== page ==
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Rental costs down under

08 March 2016 by News Desk

The cost of living in Australia has fallen over the past 12 months and is set to fall further thanks to a big drop in rental costs down under.

Rental costsRental costs down under soared in recent years due to lack of available properties. Now growing over-supply and falling population growth is forcing down the value of both sale prices and rents.

Rental costs down under – Recent huge growth in residential construction has seen rental costs down under fall by up to 30%. With thousands of new properties already in the pipeline and with another two years before the building boom is due to peak, rental costs down under are forecast to keep falling.

“This is great news for anyone seeking to live and work in Australia,” says Darrell Todd, CEO of thinkingaustralia. “The growing over-supply of properties in many capital cities is creating a buyers-market which means renters can get a better place to live for less money.”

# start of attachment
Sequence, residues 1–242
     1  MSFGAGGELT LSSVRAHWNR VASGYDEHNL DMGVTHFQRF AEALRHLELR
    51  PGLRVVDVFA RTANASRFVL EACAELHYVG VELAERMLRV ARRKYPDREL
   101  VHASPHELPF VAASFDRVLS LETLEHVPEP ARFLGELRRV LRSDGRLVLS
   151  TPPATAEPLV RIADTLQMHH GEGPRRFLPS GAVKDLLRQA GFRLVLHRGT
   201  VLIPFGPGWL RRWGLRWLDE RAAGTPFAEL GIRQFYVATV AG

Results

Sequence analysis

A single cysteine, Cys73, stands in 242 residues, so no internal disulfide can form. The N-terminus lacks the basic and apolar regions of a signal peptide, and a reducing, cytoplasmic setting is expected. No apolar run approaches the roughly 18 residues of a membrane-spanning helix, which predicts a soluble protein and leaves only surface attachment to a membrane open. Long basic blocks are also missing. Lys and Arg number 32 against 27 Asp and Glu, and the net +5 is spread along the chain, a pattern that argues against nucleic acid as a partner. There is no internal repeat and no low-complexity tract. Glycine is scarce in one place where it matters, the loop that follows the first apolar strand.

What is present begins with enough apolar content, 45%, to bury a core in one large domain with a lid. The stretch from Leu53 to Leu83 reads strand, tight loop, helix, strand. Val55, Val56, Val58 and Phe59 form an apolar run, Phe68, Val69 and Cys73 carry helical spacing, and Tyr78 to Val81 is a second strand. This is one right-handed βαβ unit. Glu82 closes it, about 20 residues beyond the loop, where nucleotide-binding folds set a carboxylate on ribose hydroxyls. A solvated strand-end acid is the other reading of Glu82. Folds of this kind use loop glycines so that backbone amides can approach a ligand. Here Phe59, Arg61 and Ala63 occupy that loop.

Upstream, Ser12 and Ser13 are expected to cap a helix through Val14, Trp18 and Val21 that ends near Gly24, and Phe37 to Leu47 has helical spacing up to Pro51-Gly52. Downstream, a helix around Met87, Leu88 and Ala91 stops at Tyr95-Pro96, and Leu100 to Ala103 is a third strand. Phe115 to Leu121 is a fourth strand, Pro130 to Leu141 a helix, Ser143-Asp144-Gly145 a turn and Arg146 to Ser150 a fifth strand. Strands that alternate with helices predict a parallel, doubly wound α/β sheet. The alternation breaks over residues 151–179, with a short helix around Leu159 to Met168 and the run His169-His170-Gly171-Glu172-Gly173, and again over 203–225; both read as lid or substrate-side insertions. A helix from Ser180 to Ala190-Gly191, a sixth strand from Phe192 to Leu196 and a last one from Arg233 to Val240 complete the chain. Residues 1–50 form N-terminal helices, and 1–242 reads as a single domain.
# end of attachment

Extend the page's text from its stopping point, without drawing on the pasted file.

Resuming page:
Cause of the current slowdown in rental growth is falling wages, excess rental supply in certain areas and lower population growth, all of which has hit demand for rented accommodation, according to CoreLogic RP Data Rent Review for February, that reveals:

Rents have increased in Sydney by 1.5%, in Melbourne by 2.2% and in Canberra by 1.6%. Rents in Hobart have seen no change.

Rents have fallen in Brisbane by 0.7%, in Adelaide by 0.4%, in Perth by 8.4% and in Darwin by 13.3%.

Currently, combined capital city rental rates are $488 per week for houses and $467 per week for units.

The property slowdown is also reflected in falling house prices. Property values have already fallen in parts of Western Australia and are set to fall further in 2106.

House prices in Port Hedland, Derby and Karratha have fallen by up to 30% over the past 12 months, according to JLL’s Residential Market Review for February.

The report said Port Hedland, once a rival to Sydney for prices, has seen average house prices fall by 29% to $576,000. And prices are expected to fall further, the report says.

Prices in Derby have fallen by 29.3% to $290,000. Prices in Karratha have fallen by 21.7% to $428,000. Broome, unaffected by mining, has still seen house prices fall by 0.6% to $539,000.”

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